Carl (Allen E. Read), a 15- year-old Ohioan, attends the American school in Paris, where his favorite teacher is Claudie Melville (Carolyn Cook). No doubt she's beloved by every boy in her class for making sizzling pronouncements like, "To read Proust, you must prepare as for your honeymoon." She also takes students on extracurricular trips to see and then discuss films from the French New Wave, and after one such outing, Carl "accidentally" lingers in her apartment after the other students have left.
At the request of the school, she goes by "Madame," but Claudie is in fact unmarried, adding an illicit charge to their after-hours chat. Claudie seems to take sensual pleasure in everything -- wine, chocolate, paintings of nudes -- and part of the energy in Cook's performance is how at times her sexuality seems unconscious, yet at other times a clearly calculated thing. Like Carl, we're seldom sure if she's deliberately flirting with him, yet she always commands attention.
The lines between teacher and pupil stay in place as they chat, and when Carl asks for a glass of wine, she gives him an orange soft drink. When they realize that it's gotten too late for Carl to take public transport home, Claudie decides to let him stay the night. The dynamic of their relationship shifts, and Cook conveys Claudie's moments of uncertainty at which direction to take it.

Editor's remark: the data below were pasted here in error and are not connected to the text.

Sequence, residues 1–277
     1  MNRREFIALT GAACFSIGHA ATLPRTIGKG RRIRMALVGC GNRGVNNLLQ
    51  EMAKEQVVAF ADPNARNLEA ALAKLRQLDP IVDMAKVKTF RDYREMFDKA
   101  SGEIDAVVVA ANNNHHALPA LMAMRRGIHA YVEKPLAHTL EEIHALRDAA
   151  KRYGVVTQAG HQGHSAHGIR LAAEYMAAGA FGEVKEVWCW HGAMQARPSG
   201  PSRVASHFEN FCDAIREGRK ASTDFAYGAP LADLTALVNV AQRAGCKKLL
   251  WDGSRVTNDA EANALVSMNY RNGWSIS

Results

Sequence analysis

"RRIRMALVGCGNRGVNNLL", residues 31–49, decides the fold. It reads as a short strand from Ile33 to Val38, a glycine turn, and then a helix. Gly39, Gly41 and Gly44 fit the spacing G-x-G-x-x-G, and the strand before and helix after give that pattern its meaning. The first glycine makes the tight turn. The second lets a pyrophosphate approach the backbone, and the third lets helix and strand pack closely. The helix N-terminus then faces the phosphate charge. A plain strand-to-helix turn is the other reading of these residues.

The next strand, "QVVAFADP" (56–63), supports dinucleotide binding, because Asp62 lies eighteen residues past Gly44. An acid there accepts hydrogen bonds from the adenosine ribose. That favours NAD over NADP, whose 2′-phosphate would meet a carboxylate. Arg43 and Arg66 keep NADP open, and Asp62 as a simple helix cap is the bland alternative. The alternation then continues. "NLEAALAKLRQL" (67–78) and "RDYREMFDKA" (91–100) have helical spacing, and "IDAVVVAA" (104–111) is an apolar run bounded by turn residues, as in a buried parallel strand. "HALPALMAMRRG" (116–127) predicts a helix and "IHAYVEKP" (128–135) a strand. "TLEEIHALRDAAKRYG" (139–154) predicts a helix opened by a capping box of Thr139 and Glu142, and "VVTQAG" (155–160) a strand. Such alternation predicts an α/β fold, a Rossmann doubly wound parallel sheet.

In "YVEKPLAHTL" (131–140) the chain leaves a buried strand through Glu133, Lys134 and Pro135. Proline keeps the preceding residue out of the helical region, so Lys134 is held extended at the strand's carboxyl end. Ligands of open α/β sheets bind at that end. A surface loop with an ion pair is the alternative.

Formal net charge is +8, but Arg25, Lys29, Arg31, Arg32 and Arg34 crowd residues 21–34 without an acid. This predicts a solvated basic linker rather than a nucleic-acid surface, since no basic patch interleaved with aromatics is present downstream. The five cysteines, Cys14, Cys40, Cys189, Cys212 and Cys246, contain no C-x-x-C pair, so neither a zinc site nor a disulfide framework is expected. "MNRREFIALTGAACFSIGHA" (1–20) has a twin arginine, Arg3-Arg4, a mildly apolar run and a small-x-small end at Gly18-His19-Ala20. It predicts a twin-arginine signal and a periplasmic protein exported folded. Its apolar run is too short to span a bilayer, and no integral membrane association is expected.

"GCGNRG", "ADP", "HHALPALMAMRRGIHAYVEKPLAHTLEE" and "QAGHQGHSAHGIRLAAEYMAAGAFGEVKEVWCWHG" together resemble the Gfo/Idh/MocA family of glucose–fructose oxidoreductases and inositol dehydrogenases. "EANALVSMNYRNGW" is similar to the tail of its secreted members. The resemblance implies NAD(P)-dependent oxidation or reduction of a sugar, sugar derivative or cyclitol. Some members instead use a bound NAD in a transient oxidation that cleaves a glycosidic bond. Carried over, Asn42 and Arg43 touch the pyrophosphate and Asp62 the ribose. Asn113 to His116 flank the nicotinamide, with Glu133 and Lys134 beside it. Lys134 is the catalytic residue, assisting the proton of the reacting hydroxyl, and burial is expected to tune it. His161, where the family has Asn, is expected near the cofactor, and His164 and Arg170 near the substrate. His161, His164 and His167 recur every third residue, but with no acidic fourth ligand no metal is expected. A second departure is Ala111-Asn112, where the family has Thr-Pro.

In Madame Melville we don't simply see these things happen to Carl, we get his perspective on them as a much older man. Read occasionally narrates the action as Carl's grown-up, present-day self, and Nelson justifies the device when Carl remarks, "When I think of her, I am a boy of 15," a clever way to suggest on-stage the workings of memory. Read has enough self-possession for Carl's more seasoned older self, while being (barely) young enough to be convincing as a teenager.
Directed by Jeff Adler, the play has no intermission but very much unfolds in two parts, with the second half taking up with the Morning After. Having coffee with Claudie, Carl meets her neighbor Ruth (Karen Vesper), an initially coarse-seeming New Jersey refugee who turns out to be an accomplished musician. Claudie and Ruth are gossips and confidants like the gals on "Sex and the City," with Vesper making the most of the role's comedy.
Carl enjoys a kind of field trip in the life of a bohemian adult as he spends the day with Claudie at the Louvre and the evening with her and Ruth back at Claudie's apartment. They play music, admire Kama Sutra positions, discuss the quantity of nudes in the Louvre and discuss creativity. While Claudie and Ruth reveal the weight of responsibility and the potential for heartbreak in the grown-up world, they also show that the pitfalls are outweighed by the freedoms. As intoxicants, self-expression and the life of the mind prove as gratifying as sex and alcohol.
The will-they-or-won't-they tension of Madame Melville's first half gives way to a different kind of suspense, as Carl refuses to return to his blinkered parents, who make increasingly angry phone calls.
The Horizon production itself practices what Madame Melville preaches, taking palpable delight in both high art and eroticism: Garter belts and Mozart's "Magic Flute" come across as equally splendid things. Yet the play ends on an appropriately melancholy note, evoking how the pleasures of adulthood are seldom sweeter than at the point of discovery.
Madame Melville plays through March 10 at Horizon Theatre, 1083 Austin Ave. at Euclid Ave., Wed.-Sat. at 8 p.m., Sun. at 5 p.m. $16-$25. 404-584-7450.